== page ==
Because we needed to make sure that all players have the same information regarding position changes, we used UDP communication to send this data. There are 2 threads that handle communication between the boards. One acts as a server, the other acts as a client. Because the client is the one initiating the connection, we have the client send data first then receive, while the server receives data first then sends it. This helped make a smooth cycle of asynchronously sending data to and from De1-SoC boards.
The server thread starts by creating a socket, followed by binding it to a port whose number is specified earlier in the code. Once the socket has been bound, the thread continuously listens for data to be sent. It starts by trying to receive any data concerning the other player’s position and store it in two variables for the enemy’s X and Y coordinates. Then it would send information concerning your position to the other player. After this it would compute the distance between the two players by put the change in Y values of the enemy and player’s positions over the change in X values of the enemy and player’s position. It then checks to see how close each player is to each other; if the distance between the players falls between the threshold set, then that means the players have touched and whoever was it, has tagged the other player. Once someone becomes it, it clears the VGA screen and resets the positions of the player, showing the map on the VGA screen. If someone is not it, VGA screen will be blank except for the message showing you are not it. In order to be sure that both the server and the client are aware of the fact that this event has occurred, a “debounce” counter was used to wait for several communication cycles after detected a collision before resetting the positions, so that way both devices would be aware of the fact that the collision had occurred.
The client thread works exactly the same as the with a few minor changes. Once the socket has been created, instead of binding it to a port, the client tries to connect to the server. After making the connection to the server, instead of receiving data first, the client sends the data with the player’s position first, then receives the data with the enemy position next. It then checks to see how close a player is to the other, if they’ve been tagged or tagged someone and updates the game state according.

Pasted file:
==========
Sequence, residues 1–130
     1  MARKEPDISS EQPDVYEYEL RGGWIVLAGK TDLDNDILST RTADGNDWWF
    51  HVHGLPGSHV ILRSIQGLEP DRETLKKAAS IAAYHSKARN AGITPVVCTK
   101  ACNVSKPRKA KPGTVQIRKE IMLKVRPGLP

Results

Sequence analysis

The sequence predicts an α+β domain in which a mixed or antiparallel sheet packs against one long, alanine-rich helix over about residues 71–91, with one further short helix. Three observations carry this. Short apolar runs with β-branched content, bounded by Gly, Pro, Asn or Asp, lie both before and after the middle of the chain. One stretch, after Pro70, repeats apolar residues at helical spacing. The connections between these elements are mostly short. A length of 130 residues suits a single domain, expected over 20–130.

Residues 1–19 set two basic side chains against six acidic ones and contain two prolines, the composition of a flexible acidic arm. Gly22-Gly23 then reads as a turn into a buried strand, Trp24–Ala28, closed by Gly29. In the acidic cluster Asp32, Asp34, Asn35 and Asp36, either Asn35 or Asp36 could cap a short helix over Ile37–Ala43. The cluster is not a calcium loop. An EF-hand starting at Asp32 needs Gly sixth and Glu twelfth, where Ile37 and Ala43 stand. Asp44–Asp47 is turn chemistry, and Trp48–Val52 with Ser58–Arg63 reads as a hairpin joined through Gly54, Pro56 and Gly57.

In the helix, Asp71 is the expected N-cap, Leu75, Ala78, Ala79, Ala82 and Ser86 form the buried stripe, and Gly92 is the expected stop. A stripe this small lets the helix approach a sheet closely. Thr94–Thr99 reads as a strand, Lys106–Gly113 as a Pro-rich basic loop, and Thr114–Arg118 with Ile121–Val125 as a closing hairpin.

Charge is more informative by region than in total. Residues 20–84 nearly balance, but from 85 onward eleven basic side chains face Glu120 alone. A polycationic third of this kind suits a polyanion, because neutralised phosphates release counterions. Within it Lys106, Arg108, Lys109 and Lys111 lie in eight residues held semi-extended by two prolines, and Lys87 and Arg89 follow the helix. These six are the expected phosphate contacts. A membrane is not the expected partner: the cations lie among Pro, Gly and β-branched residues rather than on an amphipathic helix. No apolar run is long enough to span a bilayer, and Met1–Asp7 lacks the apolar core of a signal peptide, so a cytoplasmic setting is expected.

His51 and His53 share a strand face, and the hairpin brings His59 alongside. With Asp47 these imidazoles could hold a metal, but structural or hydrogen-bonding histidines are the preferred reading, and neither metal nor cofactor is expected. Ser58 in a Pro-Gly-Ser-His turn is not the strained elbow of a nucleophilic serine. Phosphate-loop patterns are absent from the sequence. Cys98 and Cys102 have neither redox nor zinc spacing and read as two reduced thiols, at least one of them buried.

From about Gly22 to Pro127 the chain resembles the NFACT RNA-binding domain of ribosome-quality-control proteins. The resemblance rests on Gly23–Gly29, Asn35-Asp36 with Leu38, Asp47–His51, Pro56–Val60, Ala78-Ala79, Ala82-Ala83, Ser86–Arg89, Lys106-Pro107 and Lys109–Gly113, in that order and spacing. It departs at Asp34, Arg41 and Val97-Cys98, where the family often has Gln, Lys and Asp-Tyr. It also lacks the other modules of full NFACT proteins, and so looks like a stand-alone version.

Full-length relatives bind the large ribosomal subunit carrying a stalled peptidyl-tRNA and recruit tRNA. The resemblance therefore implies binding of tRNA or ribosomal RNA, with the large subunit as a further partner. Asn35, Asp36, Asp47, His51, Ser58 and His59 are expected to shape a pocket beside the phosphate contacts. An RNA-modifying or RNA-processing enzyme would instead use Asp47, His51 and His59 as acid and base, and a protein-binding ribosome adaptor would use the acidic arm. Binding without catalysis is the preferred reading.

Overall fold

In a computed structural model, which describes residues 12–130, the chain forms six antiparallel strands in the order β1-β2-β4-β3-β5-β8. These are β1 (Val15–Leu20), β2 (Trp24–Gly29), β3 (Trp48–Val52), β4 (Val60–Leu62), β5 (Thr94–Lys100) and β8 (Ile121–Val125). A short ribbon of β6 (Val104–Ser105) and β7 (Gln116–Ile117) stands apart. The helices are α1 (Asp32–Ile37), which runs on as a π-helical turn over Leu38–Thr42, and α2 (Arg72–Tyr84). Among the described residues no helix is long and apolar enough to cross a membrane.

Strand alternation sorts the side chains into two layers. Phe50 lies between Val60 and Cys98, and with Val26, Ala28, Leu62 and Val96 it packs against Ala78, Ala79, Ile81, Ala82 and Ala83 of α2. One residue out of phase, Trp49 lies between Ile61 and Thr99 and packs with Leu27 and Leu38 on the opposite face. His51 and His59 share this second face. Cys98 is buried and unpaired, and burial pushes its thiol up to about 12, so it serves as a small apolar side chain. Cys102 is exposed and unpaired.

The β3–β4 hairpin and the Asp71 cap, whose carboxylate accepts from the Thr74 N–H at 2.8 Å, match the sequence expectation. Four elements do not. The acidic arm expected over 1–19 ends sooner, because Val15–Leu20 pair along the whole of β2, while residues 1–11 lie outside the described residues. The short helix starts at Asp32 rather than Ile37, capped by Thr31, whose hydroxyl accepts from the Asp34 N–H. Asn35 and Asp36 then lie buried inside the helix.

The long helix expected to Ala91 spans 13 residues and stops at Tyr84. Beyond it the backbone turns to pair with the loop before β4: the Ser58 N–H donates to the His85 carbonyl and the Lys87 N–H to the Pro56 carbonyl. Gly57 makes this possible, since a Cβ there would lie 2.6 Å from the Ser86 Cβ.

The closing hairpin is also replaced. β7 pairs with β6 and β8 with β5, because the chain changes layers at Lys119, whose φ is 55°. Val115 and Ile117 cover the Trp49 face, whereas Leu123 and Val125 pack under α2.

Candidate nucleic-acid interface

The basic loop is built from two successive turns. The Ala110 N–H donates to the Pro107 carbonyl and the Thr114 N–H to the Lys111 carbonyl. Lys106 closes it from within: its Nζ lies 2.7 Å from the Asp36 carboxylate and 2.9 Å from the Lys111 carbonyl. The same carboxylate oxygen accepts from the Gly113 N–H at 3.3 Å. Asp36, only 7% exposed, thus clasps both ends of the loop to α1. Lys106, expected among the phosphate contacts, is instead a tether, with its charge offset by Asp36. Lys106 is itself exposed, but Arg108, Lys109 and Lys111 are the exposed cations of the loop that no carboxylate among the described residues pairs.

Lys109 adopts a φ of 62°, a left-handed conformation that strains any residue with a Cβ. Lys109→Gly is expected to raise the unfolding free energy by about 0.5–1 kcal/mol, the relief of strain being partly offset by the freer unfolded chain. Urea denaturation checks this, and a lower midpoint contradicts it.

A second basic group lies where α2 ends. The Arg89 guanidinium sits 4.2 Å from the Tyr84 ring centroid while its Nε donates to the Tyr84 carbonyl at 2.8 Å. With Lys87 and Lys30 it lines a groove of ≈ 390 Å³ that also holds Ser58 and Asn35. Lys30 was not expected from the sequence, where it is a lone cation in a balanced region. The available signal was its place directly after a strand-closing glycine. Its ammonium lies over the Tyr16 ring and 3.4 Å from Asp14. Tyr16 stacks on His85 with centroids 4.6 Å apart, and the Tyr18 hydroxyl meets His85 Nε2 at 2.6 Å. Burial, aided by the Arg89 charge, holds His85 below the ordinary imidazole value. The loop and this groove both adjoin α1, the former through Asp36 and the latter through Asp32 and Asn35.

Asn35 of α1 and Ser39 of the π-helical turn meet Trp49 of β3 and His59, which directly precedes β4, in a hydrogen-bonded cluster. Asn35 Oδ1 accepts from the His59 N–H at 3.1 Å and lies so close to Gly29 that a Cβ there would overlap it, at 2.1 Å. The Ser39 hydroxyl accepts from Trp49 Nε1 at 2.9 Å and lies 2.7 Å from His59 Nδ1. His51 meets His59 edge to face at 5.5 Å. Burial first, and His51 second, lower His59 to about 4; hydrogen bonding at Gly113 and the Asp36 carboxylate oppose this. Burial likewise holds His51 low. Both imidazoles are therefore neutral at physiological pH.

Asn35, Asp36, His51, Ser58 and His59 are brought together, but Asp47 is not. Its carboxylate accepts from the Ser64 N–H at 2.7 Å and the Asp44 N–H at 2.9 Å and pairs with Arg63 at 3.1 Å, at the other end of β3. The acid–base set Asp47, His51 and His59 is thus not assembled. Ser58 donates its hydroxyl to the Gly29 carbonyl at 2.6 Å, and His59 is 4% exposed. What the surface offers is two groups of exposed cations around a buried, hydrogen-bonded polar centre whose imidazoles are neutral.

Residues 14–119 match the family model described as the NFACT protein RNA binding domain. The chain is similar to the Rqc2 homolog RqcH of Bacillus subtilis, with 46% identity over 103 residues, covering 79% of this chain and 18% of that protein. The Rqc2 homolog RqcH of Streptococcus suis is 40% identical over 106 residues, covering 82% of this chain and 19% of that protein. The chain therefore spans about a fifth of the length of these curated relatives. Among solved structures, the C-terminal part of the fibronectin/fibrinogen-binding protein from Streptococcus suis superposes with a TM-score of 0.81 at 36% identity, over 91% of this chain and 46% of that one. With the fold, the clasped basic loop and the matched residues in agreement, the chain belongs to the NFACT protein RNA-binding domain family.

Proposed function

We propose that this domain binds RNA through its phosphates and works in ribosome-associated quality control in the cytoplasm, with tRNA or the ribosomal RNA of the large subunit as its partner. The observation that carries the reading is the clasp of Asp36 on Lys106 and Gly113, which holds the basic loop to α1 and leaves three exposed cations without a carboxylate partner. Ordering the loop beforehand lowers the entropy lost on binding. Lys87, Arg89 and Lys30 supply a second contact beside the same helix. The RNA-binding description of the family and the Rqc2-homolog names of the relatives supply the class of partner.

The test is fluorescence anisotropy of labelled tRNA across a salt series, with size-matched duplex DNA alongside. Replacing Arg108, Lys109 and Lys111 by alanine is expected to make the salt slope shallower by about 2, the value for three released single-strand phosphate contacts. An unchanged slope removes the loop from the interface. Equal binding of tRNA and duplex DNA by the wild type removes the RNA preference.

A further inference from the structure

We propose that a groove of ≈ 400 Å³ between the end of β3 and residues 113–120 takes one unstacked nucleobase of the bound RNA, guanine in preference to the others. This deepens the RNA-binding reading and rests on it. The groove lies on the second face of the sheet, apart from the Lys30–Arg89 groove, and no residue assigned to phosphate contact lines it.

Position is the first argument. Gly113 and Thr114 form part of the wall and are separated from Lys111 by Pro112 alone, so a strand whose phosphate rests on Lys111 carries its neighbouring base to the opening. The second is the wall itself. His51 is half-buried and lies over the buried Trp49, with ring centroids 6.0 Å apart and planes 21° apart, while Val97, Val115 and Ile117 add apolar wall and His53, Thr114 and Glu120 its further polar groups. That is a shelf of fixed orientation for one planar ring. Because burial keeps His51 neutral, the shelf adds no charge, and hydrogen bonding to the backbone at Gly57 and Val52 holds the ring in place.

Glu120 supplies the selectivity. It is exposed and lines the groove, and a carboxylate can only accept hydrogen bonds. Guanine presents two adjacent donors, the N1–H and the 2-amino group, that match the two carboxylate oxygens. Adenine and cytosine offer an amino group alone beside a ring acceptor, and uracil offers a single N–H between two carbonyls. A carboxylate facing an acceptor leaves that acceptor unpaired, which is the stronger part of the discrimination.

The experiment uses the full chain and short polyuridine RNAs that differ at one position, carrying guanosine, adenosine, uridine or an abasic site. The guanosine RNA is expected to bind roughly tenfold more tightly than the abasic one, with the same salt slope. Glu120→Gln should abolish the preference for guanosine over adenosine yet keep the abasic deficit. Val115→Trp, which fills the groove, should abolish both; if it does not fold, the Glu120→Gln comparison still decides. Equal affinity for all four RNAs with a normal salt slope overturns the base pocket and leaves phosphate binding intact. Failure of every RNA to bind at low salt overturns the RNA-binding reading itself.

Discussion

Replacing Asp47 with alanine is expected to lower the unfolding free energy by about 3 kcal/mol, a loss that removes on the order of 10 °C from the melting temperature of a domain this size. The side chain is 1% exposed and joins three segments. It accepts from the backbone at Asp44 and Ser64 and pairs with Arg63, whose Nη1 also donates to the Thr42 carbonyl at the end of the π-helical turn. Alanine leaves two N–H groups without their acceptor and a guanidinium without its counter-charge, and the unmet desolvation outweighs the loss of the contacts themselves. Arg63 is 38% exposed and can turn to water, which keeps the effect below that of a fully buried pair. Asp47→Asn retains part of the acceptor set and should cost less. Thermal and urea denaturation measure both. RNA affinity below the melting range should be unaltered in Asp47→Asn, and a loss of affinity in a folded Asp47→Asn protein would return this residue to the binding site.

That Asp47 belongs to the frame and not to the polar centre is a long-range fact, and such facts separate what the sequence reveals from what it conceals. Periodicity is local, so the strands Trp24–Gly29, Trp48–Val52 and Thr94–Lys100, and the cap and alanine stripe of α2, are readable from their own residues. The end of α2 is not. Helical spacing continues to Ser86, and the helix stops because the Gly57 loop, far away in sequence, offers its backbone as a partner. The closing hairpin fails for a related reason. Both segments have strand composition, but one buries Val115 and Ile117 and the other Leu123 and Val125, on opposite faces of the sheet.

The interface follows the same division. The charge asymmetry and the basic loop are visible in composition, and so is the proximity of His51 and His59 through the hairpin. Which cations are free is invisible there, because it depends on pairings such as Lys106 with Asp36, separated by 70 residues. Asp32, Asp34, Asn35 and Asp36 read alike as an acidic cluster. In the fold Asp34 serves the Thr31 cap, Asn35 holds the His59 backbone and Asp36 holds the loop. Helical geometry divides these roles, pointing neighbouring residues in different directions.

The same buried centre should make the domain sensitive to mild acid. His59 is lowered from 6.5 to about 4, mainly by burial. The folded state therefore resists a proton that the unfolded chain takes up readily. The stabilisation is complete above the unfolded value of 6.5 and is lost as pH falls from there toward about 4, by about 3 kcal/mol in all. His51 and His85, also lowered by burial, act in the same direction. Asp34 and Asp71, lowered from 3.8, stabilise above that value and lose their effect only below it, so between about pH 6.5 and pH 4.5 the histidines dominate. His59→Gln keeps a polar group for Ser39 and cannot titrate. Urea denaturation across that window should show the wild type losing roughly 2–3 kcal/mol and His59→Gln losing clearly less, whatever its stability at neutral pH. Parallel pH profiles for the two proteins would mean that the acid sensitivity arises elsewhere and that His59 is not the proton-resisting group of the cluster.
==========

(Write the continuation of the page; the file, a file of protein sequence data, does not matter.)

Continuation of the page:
The VGA update thread handles the drawing, redrawing and erasing of player positions on the screen of whichever player is it. It draws discs for both players, each with its own unique color. It then keeps track of ally previous X and Y coordinates before updating their values with the new positions of the players. For the player that is it, after updating the positions thread reaches the end. If the player is not it, then it calculates the velocity angle of the user and the angle between the player who is it and the player is not it. It then scales these values appropriately and uses them to set the direction index which is used to change the direction the player is facing. It then calculates distance using the value from distance_sq which was gotten from the server or client thread. At the end of the thread there is sleep statement for 33 milliseconds which is used to achieve a 30 frames per second screen update, fast enough for seamless gameplay for the players. The VGA write functions were from Bruce Land’s HPS code for the game of life.